[7] w and they was catchin= up to me

x and I crossed the street

y and I tripped, man.

Each clause is then tested for the potential range of displacement by examining the semantic interpretation which results when the clause in question is moved to all possible positions in the remaining sequence. For example, we find that clause x can be placed before w without changing the original semantic interpretation, since we can infer that the process of catching up extended throughout the sequence:

[7=] x and I crossed the street

w and they was catchin= up to me

y and I tripped, man.

But x cannot be placed after y without changing the original interpretation, as in

[7@] w and they was catchin= up to me

y and I tripped, man

x and I crossed the street.

The result of these operations is indicated in the following system of subscripts. For the clause c , the symbol a p indicates that c can be placed before any and all of the following p clauses without changing the temporal sequence of the original semantic interpretation.

The set consisting of the clauses before which c can be placed, is the displacement set of c, symbolized DS (c).

Thus for the partial sequence of w, x, and y discussed above, we have

[7@=] 0 2 and they was catchin= up to me DS(w) = {w, x, y}

1 0 and I crossed the street DS(x) = {w, x}

0 0 and I tripped, man. DS(y) = {y}

Narrative clauses and free clauses. Two extreme types of displacement ranges which result from this operation are

0 0 and x-1 n-x

where n is the total number of clauses in a sequence. The 0 0 clause, with a displacement set of {c} , is locked in position in the sequence; it evidently functions as a narrative clause of the simplest kind, maintaining the strict temporal sequence that is the defining characteristic of narrative. The x-1 n-x clause, on the other hand, has a displacement set equal to the entire narrative and can range freely through the narrative sequence. This type may be termed as free clause.

Coordinate clauses. While the free clause has no fixed relation to the temporal sequence, and the simple 0 0 narrative clause is strictly ordered by temporal sequence , there are other types of clauses which have more complex relations to narrative sequence. We frequently find sequences of the type 0 1 1 0, as in this extract from NO. 14:

[14] 0 0 [and the rock] came down

0 1 and smacked him in the head

1 0 and say (slap!)

Clauses t and u might just as well been reversed:

[14=] 0 0 [and the rock] came down

0 1 and say ( slap!)

1 0 and smacked him on the head

Both t and u have identical displacement sets DS(t) = {t, u} ,

DS(u) = {t, u} , and they may be freely interchanged without any change in temporal sequence. Clauses with identical displacement sets may be termed coordinate clauses. [All free clauses are coordinate in this sense, since they all have the same displacement sets, but it is the primary coordinate nature of certain narrative clauses which is our primary concern.]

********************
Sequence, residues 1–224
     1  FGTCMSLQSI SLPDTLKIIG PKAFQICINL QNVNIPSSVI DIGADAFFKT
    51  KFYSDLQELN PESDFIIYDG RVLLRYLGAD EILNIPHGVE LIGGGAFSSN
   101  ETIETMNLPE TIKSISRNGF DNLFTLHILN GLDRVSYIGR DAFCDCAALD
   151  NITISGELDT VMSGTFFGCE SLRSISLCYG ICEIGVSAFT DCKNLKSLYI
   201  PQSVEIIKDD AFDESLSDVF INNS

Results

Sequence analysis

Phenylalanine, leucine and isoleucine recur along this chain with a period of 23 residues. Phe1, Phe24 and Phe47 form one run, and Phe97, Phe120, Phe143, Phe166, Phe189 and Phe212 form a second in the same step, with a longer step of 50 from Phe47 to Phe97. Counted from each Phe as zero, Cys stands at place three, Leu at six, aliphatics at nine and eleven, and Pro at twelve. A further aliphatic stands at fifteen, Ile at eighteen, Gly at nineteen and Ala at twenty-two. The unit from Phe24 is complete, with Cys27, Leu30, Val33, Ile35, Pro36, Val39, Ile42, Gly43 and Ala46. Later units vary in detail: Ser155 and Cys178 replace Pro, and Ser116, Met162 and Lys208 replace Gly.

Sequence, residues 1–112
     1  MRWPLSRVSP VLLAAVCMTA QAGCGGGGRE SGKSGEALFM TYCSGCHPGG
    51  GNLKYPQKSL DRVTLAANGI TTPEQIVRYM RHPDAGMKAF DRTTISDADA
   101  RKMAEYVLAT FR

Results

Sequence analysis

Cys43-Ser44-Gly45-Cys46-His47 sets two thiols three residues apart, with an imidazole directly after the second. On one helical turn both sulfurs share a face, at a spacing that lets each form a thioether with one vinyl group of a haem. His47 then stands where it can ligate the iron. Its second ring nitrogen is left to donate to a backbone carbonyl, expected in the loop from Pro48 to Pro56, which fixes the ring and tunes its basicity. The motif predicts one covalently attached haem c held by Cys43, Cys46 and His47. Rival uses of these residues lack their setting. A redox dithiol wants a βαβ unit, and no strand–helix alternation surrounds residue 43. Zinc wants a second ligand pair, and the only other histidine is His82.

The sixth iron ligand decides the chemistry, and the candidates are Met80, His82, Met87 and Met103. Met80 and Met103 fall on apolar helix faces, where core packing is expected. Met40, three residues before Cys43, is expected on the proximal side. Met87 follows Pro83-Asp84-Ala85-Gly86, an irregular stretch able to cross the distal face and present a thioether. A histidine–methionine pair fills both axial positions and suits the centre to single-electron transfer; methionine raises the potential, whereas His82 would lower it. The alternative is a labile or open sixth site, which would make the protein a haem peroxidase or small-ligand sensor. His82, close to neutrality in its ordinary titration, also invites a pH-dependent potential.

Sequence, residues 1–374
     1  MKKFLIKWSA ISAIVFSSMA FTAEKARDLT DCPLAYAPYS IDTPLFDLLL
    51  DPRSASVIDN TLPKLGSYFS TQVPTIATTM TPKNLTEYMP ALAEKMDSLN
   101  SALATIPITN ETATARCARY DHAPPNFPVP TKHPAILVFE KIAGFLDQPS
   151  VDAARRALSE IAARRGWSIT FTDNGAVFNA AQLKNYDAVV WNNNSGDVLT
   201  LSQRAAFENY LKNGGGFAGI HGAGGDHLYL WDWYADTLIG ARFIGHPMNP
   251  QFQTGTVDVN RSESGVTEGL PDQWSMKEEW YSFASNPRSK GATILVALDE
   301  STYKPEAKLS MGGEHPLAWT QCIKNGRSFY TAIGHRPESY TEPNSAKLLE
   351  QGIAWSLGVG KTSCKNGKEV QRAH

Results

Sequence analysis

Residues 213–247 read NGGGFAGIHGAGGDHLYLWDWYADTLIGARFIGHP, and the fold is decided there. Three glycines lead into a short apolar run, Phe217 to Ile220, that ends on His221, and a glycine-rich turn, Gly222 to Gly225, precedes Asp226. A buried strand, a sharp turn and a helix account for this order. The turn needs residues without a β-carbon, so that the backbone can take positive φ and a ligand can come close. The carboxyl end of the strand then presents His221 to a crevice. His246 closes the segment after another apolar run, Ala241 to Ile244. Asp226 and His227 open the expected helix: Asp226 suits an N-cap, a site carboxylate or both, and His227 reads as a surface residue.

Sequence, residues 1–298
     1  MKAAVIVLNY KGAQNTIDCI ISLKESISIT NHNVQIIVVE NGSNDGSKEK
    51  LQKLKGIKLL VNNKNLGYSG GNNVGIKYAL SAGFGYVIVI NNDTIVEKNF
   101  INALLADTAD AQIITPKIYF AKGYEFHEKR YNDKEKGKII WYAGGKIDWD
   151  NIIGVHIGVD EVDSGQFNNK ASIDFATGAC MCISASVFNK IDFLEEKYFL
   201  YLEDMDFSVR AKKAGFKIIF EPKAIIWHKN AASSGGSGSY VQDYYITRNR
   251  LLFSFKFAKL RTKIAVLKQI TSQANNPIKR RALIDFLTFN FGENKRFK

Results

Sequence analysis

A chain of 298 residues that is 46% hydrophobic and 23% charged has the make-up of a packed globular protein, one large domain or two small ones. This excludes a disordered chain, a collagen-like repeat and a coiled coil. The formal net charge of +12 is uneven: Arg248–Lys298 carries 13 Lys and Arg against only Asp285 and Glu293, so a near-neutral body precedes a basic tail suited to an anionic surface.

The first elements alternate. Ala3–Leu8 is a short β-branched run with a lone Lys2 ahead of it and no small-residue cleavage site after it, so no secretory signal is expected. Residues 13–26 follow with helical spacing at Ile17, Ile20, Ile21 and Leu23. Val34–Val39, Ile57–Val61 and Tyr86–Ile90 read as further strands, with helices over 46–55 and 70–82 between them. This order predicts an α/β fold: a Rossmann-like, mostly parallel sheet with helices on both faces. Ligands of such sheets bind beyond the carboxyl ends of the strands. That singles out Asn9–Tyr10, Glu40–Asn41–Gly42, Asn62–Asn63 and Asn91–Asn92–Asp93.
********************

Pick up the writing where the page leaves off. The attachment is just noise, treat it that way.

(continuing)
One can of course have three or more coordinate clauses in a single sequence, as in the following extract from Narrative NO. 1:

[1] 0 0 He came to my hotel. Nice big blue 44 too.

0 3 I talked him out of it,

1 2 and says, AWell, we=ll go look for her,

2 1 and if we can=t find her, well you can--

go ahead, pull the trigger if you want to.@

3 0 I was maneuvering.

0 0 So he took me up on it.

Here clauses m, n, and p are coordinate, with identical displacement sets (m, n, o, p ) , since they could occur in any of the six possible permutations without altering the temporal sequence of the original semantic interpretation. But none of these could be placed before l ( He came to my hotel@) or after q ( ASo he took me up on it@)

Restricted clauses. The narrative clauses that we have considered are of two general forms: 0 0 and 0 1 1 0 , and appear to have one feature in common. Their displacement sets range from a left zero subscript to a right zero subscript, with no zeros in between. We also find in narratives a third type of clause which does not range freely over the entire narrative, yet has a wider range than the narrative clause. This type of clause has a displacement set which may range across several left or right zero subscripts. Such clauses, which are neither free, nor temporally ordered in the strict sense, may be termed restricted clauses.

It may be now helpful to consider a narrative as a whole to illustrate the nature of free clauses, coordinate clauses, and restricted clauses, and to show how the displacement sets of such clauses are determined. Narrative No. 6 may be analyzed as follows:


0 18 yeh I was in the boy scouts at the time DS


1 17 and we was doing the 50 - yard dash A

2 16 racing A

3 15 but we was at the pier, mark off A

4 14 and so we was doing the 50 - yard dash A

5 13 there was about eight or ten of us, you know, going

down, coming back A

6 0 and, going down the third time, I caught cramps {a-g}

0 0 and I started yelling AHelp!@ {h}

0 l but the fellows didn=t believe me, you know, {i-j}

1 0 they thought I was just trying to catch up

because I was going on or slowing down {i-j}

0 1 so all of them kept going {k-l}

1 0 they leave me {k-l}

0 3 and so I started going down {m-p}

13 5 Scoutmaster was up there {a-s}

6 3 he was watching me {i-r}